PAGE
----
Tatting Times online
It was a good run, I think. Thirty years. I began Tatting Times in 1992, when I was an editor at a daily newspaper and tatting was what made me secretly happy and kept me sane. Many of the first subscribers to Tatting Times were really glad to learn they were not the last living tatters in the universe keeping a dying art on life support.
Since that time, several thousand more across the globe who believed they alone stood against the extinction of tatting met through the magic of the internet.
In 1992, it cost 24 cents to mail each issue. I was younger, married, mother to a teenage daughter. Quite a lot happened to all of us in the intervening years. If you were a subscriber but not a close friend, you won’t have known that for me these included a variety of orthopedic issues followed, not coincidentally, by what I experienced as a devastating divorce. Surprisingly, a year later I met a lovely man with a sweet temperament and serious health issues; and 20 years later, this past February, he died. I’ve written none of this in Tatting Times. It’s back-story, about me, not about tatting… though through good times and bad, tatting has always (literally) been with me.
Fast forward to now, when many talented tatting designers whose beautiful work is made accessible for free or a small fee on the internet. Postage for the final issue of Tatting Times was 78 cents per copy to US subscribers. The cost of mailing overseas copies would make anyone shudder. I decided to share tatting on this blog instead, along with book/thread/product information, news of events, new techniques and of course, my own new designs. I begin with the one promised in the final issue of Tatting Times.
Please note, as with other designs shared
online, although they’re not in print, they are still under copyright. That means you should not, no matter whether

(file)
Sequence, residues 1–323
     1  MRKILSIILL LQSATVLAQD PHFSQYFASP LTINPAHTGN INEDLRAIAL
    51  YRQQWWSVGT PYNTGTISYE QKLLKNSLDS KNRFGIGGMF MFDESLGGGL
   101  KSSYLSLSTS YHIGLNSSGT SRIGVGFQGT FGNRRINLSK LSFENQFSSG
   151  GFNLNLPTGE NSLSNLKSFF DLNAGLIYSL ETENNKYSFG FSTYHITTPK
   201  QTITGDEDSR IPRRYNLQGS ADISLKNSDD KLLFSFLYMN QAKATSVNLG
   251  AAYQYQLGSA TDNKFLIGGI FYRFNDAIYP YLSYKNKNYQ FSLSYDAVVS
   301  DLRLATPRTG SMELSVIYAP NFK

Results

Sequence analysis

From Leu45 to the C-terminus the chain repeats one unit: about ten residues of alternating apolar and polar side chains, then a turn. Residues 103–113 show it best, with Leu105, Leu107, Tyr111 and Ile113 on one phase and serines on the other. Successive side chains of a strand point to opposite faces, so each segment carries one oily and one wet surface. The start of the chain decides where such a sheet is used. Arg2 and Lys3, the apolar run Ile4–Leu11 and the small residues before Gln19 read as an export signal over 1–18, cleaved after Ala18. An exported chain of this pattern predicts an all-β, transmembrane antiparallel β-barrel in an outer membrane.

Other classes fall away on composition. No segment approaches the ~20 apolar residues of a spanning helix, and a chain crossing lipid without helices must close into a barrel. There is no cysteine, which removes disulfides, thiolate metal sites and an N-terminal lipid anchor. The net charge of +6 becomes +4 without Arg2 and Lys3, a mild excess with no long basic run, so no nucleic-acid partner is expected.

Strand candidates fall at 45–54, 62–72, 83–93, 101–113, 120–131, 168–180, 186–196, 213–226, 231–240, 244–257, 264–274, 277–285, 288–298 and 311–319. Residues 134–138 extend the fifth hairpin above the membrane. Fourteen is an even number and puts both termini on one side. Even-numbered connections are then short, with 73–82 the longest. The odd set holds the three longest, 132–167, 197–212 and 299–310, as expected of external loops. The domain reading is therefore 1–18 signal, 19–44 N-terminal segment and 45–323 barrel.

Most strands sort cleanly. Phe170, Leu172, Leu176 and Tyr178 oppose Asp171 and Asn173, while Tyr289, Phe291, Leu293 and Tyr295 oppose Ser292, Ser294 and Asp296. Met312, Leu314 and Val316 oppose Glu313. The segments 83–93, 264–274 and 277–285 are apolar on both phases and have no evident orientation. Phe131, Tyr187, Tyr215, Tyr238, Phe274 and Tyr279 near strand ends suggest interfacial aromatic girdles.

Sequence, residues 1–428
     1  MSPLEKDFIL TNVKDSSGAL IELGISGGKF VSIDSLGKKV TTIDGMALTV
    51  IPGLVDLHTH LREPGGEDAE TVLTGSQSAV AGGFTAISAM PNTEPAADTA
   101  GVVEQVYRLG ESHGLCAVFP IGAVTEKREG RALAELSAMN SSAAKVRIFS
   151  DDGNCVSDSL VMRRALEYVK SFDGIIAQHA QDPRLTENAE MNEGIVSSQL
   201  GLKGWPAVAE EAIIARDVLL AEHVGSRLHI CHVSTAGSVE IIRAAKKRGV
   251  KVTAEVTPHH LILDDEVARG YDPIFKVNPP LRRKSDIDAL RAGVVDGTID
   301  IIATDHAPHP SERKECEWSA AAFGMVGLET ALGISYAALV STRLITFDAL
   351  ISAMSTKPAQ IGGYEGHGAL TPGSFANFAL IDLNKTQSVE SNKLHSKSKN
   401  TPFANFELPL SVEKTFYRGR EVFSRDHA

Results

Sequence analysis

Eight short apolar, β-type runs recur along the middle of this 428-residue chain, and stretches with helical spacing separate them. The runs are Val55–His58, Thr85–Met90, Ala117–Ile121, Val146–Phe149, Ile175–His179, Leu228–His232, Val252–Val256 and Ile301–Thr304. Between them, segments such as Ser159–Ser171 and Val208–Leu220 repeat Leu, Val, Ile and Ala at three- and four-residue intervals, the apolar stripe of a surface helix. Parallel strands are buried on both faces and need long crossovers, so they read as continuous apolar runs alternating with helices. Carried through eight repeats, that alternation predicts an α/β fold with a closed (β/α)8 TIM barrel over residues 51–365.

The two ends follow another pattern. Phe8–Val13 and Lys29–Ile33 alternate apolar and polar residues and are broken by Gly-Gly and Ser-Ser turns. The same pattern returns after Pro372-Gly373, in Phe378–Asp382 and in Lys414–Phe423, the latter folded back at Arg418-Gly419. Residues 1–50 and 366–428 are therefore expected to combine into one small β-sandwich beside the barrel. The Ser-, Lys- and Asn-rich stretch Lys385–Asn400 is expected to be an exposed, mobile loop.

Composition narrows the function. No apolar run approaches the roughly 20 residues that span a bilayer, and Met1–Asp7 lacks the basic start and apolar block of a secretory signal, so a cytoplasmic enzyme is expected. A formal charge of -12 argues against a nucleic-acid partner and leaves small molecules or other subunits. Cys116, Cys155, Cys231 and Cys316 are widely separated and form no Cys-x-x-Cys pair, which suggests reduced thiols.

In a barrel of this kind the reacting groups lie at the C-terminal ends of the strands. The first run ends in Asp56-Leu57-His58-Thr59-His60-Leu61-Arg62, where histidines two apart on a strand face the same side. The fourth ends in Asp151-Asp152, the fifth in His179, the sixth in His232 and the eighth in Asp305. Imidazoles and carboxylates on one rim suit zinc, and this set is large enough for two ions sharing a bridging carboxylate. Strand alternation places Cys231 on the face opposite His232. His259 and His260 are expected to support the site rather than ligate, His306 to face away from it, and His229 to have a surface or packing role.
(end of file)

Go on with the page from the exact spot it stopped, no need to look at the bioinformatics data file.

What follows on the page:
you live in the U.S.A. or elsewhere, share anyone’s pattern without
attribution AND permission, nor make a few changes and call it your own
design. This finicky legality seems to
be understood by most, but alas, not all tatters, as I’ve learned to my dismay. Want to teach one of these
designs to your own small tatting group in your own hometown? Please ask.
The answer is most likely yes, I’m honored, but I’d still like to be
asked first, in the same way one prefers to invite guests to tea rather than
have them barge in and help themselves to all the cookies. Want this taught at a larger gathering? Ask me, I'm portable!
You can generally reach me at email@example.com. I'm still a writer and editor, so when deadlines loom, it could take a few days for me to respond, but I promise I will.
The Wellsboro Star
Beads are your choice, as is the size of thread. The larger star – the teal green one – was a less successful one because the stitch count had not yet been refined. It used size 8 beads on size 10 thread. The smaller star, in tatting cotton with size 15 beads, needed only a little blocking and pressing to lie flat. Wind two shuttles CTM. The “ball thread” shuttle will have a little more thread and all 25 beads.
Begin by dropping a loop to begin a mock ring
With ball thread shuttle, R: 8-8
With 4 Bs on ball thread shuttle, R: 5 BB 2 BB 5
CH: 8, post working shuttle through loop and close mock ring.
RW. CH: 10
Drop loop to begin mock R, CH: 8-2
With ball 3 shuttle and 3 Bs in loop, R: 2+10 BBB 10-2.
Finish mock ring, CH: 2-6, post working shuttle through loop and close mock R
With ball thread shuttle, R: 6+ 4+8
Drop loop to begin mock R: CH: 8+ (to previous small R) 5
With 2 Bs on ball thread shuttle, R: 5 + 2 BB 5
Repeat from *** for five star points. Note the last R in the very center has no Bs but joins to the small Rs on either side, and the large mock ring in the center joins to the smaller Rs on either side as shown.